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GreenCampusYoung people can take action against climate change in their everyday lives, and Milton’s student environmentalists are hard at work to encourage earth-friendly practices on and off campus.

Actions as simple as being conscious of recycling and composting, turning off unused lights, and taking shorter showers can have a multiplier effect on students, says Ariane DesRosiers (I), co-head of the Lorax environmental group and the Gardening Club, green proctor in Hallowell House, and a leader on the Independent School Sustainability Coalition (ISSC), a network of students at more than 25 independent schools in New England working to make their campuses greener.

“When people see their peers going out of their way to do these things, they understand that it’s important to be responsible consumers,” she says.

Students have several opportunities to participate in sustainability efforts on campus, at home and in their communities, says science faculty member Linnea Engstrom, who advises the student Sustainability Board and the Sustainability Commission, which focuses on the School’s environmental practices. During the week of Earth Day, April 22, several events and initiatives across campus will encourage students to make greener choices.  

Milton now has a partnership with TerraCycle, which accepts certain products that generally can’t be recycled, such as tooth care products, as well as used EOS and Burt’s Bees products. There are two TerraCycle donation sites in the Student Center.

“Depending on the choices you make while you’re consuming, you’re actually deciding the kind of waste you’re producing,” Linnea says. “Think about the things you buy in the context of how much packaging comes with those things, and try to buy whatever has the least packaging.”

Linnea and Ariane listed other actions students can take to be more environmentally friendly:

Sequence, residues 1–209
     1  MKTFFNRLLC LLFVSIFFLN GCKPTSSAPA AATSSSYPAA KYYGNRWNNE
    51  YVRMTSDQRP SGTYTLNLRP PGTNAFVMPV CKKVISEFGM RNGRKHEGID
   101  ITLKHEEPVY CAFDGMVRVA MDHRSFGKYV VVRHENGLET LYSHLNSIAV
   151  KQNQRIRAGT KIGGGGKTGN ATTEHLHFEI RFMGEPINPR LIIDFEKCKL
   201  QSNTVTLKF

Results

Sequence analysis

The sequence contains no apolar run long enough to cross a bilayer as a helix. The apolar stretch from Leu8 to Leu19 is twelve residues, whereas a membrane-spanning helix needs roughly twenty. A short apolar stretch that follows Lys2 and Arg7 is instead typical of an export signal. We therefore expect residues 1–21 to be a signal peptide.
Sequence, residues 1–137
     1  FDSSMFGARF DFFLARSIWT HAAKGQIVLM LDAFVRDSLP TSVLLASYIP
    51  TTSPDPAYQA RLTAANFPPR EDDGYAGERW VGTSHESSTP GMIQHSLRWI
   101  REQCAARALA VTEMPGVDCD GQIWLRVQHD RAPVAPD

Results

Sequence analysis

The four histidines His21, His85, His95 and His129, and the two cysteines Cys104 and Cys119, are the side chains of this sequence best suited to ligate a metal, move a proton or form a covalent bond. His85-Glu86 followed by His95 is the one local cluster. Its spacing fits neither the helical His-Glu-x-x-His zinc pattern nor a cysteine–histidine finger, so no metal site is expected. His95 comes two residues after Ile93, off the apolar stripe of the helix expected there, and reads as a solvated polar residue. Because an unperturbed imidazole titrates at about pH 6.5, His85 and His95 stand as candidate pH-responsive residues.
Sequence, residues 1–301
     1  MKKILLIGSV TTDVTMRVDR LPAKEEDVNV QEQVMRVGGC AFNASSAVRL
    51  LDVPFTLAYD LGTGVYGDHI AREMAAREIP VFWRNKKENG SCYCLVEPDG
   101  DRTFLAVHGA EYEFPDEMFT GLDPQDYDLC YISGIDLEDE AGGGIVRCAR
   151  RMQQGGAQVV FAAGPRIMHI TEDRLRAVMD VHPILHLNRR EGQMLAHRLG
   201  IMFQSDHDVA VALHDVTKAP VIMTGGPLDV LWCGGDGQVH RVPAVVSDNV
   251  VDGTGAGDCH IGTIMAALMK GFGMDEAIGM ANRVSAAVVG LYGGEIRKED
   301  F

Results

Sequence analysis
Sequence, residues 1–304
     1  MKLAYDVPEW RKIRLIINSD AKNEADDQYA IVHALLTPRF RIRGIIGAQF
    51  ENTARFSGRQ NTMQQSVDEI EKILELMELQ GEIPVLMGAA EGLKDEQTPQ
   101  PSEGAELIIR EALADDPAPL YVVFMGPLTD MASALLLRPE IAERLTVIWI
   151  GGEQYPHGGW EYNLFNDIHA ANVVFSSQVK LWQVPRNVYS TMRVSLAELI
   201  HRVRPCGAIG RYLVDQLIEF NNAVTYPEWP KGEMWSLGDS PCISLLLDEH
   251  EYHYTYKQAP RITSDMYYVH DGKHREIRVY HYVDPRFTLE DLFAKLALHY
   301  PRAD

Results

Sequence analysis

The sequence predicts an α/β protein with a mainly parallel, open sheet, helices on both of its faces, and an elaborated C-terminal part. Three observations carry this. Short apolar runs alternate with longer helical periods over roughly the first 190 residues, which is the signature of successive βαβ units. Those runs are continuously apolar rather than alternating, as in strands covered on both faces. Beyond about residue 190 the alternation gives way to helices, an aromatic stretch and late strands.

• Carry reusable water bottles and avoid using single-use plastics
  • Learn about the materials that can be recycled and how
  • Compost uneaten food—SAGE dining services provides compost bins, and home composting is easy to start
  • Eat fewer meat products
  • Unplug chargers and cable boxes when not in use
  • Properly recycle unwanted electronics—Milton will host an e-waste recycling event from 1–4:30 p.m. on Earth Day, April 22
  • Volunteer at a local community garden through the Gardening Club; help with Milton’s on-campus garden plots
  • Submit writing or art to Gaia, the ISSC’s online eco-publication
  • Join student clubs like the Sustainability Board and Lorax to learn more about environmental issues
  • Volunteer or intern during the summer with nonprofits focused on environmentalism

Students can also take political action, Ariane says. Students around the world are participating in coordinated efforts to capture the attention of political leaders with the power to create climate and environmental policy, and to address local, environmentally unfriendly practices. They aim to convey the urgency of climate change and the need for drastic action, as another global temperature increase could result in catastrophic drought, food shortages, floods and wildfires.

“As students are inspired to stand up, we’re seeing governments and major organizations all over the world actually pay attention and take action,” Ariane says. “Although we’re still waiting for the United States government to show the same level of action as in Europe, the things we can do locally will have an effect on our own community.”